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    @ShemSeger but they were relevant at the time and administrative and judicial decisions may have been reached at that time and shortly thereafter. The rich tapestry or mess if you prefer is necessary for these decisions to make sense. – Dale M Oct 14 '16 at 2:13

According to the Municipal Government Act (R.S.A., 2000, M-26), ss. 62-69 discuss revision of bylaws: s. 69 allows you to consolidate your by-laws, which I believe is what you are proposing. Doing a search for consolidation by-laws didn't show anything though, which is not surprising considering that it doesn't affect any current by-laws. You may want to contact other municipalities (particularly Calgary and Edmonton) and the Department of Municipal Affairs to see what their recommended methods are.

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The issue of concern would be whether it is possible to determine what the present state of the laws is. There is a town with some Bylaws online, with three dog laws. There is no statement of what the current law is, and it looks like this created some incoherence, because the original law addresses dog regulations, then an amendment (1454) was added with a section (g) that allows dogs and cats to be disposed of in certain ways (the law specifies 72 hours for dogs.. and what time period for cats?). The first disposition is a less specific version of the existing option already in section (f), and the result seems to allow an arbitrary choice of costs for adoption. The second change is to allow euthanizing the dog or cat. A second amendment was passed a year later which changed the time specified in the original law (from 72 hours to 3 working days) – it recognises this as a change – and then they add a section (g), but they already have a section (g). Since no Bylaw seems to have been passed that repealed Bylaw 1454, one would suppose that you take the union of the sections: "{earlier clause} a dog or cat that is impounded and not claimed by the owner within the time provided in section 20 may (1) Be adopted for such prices as has been established; or (2) Be euthanized by lethal injection...by a veterinarian... {later clause} If after three (3) working days the animal is not claimed by the owner or is not adopted, the veterinarian and the Bylaw Officer at their discretion may have the animal euthanized". Can cats be euthanized? Since section 20 specified no time periods for cats, can they be euthanized when impounded? Is a vet necessary?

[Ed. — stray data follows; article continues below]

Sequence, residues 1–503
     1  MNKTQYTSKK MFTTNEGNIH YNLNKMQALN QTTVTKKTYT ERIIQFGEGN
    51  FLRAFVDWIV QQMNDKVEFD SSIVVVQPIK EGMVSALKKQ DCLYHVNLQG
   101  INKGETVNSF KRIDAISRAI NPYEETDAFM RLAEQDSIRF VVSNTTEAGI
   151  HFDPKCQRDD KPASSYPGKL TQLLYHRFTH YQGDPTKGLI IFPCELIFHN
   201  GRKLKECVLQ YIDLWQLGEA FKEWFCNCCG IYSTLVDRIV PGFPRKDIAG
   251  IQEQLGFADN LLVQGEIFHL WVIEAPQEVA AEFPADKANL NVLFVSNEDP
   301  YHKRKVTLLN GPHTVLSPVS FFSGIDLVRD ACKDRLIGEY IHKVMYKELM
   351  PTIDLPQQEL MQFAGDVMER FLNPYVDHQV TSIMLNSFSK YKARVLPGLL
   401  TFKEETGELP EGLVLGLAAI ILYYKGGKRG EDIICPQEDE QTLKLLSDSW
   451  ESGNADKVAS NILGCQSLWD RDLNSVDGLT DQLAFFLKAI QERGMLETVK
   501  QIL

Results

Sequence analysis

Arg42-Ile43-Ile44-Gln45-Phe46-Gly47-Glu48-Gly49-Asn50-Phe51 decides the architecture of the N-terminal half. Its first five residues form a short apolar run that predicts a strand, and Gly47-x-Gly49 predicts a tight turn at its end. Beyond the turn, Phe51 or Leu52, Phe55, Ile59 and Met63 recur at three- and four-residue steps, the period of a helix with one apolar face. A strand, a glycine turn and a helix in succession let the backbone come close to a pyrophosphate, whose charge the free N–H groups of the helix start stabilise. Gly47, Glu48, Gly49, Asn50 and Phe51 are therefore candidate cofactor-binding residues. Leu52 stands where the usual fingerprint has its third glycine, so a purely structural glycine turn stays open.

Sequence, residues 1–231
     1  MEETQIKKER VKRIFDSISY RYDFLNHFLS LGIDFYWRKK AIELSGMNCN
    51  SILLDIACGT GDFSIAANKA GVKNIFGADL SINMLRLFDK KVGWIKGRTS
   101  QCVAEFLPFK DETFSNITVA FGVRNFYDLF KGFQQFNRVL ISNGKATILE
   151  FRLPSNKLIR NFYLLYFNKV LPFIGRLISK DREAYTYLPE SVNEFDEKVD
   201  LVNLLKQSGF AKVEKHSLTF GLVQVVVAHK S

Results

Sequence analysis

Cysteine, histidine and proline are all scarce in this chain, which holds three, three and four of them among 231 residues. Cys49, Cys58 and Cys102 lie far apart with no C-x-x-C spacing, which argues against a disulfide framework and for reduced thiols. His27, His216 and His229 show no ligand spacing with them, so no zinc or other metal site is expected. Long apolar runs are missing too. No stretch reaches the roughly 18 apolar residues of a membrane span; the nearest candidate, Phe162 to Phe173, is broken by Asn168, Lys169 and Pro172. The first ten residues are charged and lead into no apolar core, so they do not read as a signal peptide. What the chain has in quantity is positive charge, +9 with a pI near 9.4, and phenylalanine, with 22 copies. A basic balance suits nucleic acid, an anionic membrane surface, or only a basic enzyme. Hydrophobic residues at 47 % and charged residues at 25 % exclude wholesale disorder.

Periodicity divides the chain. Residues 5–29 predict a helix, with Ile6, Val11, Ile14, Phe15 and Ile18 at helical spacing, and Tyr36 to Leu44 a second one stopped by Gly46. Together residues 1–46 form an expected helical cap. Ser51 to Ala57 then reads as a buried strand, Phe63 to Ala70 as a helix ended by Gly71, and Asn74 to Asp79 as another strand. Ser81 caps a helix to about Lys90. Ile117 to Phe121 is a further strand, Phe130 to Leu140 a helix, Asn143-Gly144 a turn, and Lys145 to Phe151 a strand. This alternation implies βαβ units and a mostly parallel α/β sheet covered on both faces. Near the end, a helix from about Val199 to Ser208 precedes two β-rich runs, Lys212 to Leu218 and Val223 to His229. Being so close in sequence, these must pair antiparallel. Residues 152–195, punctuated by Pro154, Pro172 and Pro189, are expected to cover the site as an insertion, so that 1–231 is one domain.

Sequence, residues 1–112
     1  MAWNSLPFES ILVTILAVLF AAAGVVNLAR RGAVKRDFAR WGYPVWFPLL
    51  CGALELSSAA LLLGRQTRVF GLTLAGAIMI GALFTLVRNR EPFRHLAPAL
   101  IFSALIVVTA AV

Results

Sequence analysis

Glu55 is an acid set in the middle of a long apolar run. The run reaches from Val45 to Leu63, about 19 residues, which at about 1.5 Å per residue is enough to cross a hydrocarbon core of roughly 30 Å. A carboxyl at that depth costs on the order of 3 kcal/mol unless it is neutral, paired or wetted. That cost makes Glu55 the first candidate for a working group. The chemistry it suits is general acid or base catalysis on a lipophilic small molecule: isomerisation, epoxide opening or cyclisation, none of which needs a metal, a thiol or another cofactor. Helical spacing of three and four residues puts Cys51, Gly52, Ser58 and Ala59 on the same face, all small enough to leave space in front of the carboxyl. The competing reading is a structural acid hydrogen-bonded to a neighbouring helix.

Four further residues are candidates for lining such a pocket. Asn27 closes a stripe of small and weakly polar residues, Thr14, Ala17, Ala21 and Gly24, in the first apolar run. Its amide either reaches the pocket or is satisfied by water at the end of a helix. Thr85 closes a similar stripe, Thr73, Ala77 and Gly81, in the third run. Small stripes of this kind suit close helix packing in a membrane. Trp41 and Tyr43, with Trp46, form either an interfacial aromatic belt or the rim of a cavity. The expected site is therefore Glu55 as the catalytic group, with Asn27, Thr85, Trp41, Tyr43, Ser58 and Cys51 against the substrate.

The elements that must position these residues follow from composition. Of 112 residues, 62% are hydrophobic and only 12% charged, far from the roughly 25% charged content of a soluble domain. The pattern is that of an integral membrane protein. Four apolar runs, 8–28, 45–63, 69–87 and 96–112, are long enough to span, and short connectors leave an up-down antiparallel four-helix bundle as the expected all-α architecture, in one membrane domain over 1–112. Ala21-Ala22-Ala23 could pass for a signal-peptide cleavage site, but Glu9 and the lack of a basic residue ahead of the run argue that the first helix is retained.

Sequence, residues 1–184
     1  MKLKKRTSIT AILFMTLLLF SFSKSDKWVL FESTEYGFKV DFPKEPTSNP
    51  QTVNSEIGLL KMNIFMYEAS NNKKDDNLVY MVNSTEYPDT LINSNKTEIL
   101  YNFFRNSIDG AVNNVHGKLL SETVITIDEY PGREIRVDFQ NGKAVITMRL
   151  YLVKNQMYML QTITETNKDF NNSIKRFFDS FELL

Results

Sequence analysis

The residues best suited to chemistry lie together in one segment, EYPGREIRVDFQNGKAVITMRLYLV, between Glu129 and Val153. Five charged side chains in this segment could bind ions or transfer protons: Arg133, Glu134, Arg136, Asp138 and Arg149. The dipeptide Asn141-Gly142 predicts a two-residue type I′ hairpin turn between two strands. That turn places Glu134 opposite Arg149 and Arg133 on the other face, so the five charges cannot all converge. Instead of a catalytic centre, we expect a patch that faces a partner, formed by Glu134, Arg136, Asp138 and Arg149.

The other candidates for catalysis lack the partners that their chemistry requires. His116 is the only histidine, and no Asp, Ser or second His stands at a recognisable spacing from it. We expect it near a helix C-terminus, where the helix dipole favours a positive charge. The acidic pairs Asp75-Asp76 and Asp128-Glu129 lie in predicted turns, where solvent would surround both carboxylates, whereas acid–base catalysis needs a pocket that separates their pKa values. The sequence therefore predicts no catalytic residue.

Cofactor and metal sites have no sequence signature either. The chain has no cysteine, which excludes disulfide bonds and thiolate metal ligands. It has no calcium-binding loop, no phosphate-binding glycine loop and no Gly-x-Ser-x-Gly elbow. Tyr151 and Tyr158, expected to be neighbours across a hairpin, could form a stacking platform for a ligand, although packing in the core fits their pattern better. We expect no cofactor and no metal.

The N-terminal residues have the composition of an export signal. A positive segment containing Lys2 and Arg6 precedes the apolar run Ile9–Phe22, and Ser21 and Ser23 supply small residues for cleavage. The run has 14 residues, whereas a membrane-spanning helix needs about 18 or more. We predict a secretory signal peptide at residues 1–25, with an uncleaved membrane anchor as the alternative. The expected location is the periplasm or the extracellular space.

My guess is that in amending the original bylaw, they are saying "It's as though the intermediate bylaw didn't happen", and that sweeping cats into the dog law was a mistake which they undid, or at least put off until they added a cat-euthanization bylaw the next year. They need consolidation of the bylaws into a single organized legal code. It sounds like you might be having a similar problem.